The move to automation also permits the system to be adjusted based on the amount of traffic during the day. System managers will also be able to increase the frequency of service, over the course of a 20-hour daily schedule, in response to demand. This means not just commuters stand to benefit, but tourists as well. Around 8 million people visit Hawaii during the course of the year, and HART might just persuade them to come back again and again.

Source: CityLab [http://www.citylab.com/tech/2014/09/honolulu-is-building-americas-first-fully-driverless-transit-system/380292/]

Permalink
 

Zontar

Mad Max 2019
Feb 18, 2013
4,931
0
0
Vancouver has one of these. It's all great at first but then once you get to a few decades in and it starts to break down, with no one there to direct people when it stops working, it'll be a nightmare down the road if it doesn't have something working in tandem with it.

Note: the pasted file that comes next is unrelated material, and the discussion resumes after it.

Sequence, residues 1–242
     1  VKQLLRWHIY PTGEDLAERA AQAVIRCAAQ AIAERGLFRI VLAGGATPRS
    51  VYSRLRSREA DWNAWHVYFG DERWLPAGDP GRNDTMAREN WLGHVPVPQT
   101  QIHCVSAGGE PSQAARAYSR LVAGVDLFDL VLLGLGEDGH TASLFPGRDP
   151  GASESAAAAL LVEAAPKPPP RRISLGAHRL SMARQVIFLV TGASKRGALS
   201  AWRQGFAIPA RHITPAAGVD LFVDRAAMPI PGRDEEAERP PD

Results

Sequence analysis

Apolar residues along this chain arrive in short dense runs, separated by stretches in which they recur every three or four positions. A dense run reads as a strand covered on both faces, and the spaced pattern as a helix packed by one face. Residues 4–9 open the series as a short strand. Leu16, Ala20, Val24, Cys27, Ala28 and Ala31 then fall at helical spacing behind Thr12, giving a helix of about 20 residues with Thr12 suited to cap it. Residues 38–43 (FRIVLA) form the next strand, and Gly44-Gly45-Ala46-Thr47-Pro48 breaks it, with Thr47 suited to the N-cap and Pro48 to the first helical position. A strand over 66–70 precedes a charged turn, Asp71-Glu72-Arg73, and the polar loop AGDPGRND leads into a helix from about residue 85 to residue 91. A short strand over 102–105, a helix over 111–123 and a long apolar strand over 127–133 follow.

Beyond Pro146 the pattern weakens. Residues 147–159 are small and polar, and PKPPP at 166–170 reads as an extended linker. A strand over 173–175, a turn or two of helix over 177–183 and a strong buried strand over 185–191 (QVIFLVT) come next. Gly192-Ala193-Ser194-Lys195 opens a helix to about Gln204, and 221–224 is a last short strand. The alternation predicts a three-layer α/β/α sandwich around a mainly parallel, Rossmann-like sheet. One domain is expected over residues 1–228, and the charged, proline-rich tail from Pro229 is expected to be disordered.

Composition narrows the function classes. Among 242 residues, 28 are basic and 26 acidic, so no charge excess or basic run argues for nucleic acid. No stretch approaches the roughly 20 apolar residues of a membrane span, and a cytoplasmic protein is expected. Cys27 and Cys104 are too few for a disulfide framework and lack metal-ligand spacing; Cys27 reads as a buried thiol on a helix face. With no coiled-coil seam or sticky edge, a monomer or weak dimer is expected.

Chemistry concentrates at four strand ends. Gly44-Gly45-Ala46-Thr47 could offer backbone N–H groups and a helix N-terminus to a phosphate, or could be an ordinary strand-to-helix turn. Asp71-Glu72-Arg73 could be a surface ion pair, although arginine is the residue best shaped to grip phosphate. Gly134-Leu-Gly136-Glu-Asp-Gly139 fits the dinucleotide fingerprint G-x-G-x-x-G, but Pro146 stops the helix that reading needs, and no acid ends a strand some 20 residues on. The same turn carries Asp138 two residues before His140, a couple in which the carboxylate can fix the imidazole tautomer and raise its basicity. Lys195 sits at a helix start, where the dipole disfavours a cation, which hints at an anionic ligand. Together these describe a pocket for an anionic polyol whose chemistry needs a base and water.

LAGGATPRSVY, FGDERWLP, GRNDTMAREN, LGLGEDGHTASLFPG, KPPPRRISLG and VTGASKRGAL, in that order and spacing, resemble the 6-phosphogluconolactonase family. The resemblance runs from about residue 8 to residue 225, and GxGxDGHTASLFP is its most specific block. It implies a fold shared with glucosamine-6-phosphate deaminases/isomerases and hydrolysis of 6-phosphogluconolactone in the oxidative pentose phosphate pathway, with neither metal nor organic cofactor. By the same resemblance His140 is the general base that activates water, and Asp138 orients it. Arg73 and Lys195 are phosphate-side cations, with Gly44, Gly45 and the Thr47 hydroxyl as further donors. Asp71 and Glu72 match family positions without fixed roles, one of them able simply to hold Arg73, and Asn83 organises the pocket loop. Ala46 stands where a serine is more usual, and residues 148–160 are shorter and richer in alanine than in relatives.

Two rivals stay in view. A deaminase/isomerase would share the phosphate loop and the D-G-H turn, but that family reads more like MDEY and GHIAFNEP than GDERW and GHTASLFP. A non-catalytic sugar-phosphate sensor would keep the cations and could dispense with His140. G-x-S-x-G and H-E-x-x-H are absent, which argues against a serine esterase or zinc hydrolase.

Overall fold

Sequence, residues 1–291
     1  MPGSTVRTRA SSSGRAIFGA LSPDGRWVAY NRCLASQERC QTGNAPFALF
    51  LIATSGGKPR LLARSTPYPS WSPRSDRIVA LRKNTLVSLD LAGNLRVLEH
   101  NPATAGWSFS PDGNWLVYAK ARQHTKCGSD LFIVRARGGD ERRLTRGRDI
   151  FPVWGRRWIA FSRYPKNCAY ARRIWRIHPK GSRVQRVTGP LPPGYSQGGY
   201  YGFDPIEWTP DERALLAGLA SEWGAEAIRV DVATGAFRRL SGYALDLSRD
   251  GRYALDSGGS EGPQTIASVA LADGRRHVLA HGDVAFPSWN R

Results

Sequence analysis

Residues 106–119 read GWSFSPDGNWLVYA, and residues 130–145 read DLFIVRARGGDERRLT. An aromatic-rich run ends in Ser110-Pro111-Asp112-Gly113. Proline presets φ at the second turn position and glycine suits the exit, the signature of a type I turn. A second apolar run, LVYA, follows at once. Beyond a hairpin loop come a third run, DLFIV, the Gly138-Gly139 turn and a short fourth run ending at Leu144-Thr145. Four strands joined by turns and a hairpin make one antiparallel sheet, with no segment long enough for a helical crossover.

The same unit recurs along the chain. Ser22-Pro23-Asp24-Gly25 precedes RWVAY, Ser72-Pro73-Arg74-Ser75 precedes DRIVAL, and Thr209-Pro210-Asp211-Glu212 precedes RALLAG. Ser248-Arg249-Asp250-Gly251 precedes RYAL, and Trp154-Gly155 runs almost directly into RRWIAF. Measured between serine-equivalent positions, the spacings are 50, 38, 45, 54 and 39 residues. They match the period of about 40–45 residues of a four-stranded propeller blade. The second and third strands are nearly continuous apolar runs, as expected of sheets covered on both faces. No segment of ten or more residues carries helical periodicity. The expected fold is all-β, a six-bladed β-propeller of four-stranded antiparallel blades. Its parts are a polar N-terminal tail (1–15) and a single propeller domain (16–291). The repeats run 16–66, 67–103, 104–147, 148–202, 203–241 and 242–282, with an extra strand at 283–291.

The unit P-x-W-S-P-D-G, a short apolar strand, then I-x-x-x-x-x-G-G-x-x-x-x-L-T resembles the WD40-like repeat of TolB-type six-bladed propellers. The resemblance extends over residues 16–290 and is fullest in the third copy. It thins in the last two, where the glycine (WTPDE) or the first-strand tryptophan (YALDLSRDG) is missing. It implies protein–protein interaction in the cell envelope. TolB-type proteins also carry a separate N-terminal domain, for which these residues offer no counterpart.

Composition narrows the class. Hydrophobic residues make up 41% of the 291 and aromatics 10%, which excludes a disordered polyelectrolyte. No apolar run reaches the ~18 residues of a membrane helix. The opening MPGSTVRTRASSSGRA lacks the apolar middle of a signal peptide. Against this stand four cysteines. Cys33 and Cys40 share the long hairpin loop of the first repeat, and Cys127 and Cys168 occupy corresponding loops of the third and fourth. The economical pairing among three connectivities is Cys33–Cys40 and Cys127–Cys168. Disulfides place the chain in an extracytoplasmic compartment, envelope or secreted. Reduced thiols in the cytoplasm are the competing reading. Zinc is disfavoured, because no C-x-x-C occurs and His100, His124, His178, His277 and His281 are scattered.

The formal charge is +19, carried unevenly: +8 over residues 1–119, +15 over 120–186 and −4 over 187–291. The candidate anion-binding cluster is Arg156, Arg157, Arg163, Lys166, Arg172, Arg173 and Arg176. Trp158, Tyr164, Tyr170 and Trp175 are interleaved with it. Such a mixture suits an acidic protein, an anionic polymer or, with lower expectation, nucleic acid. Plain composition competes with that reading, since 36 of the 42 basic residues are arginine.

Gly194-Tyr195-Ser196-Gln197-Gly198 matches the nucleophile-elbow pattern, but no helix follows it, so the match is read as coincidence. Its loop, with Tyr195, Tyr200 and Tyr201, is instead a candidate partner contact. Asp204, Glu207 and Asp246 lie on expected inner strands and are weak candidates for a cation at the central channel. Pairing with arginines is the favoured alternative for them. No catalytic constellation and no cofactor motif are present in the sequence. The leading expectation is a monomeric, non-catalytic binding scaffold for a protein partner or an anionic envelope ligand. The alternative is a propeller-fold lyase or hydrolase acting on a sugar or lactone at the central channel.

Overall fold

RicoADF

Welcome back Commander
Jun 2, 2009
3,147
0
0
I wonder if it'll have no humans at all or have atleast a guard as a backup/to assist customers in an emergency. Surely you'd have to have atleast one person on the train incase of incidents.
 

Vault101

I'm in your mind fuzz
Sep 26, 2010
18,847
0
0
and here it begins

the slow decline of the transport industry (well in terms of employing people)

I give it a few years before "are robots taking our jobs?" hits the talk shows and news articles
 

Lvl 64 Klutz

Crowsplosion!
Apr 8, 2008
2,338
0
0
I remember reading a fake article like this in one of the .Hack games. I don't remember it working out too well for them. Lets hope this one isn't infected with a virus created from a rogue AI trying to escape being overwritten.
 

regalphantom

New member
Feb 10, 2011
211
0
0
Lvl 64 Klutz said:
I remember reading a fake article like this in one of the .Hack games. I don't remember it working out too well for them. Lets hope this one isn't infected with a virus created from a rogue AI trying to escape being overwritten.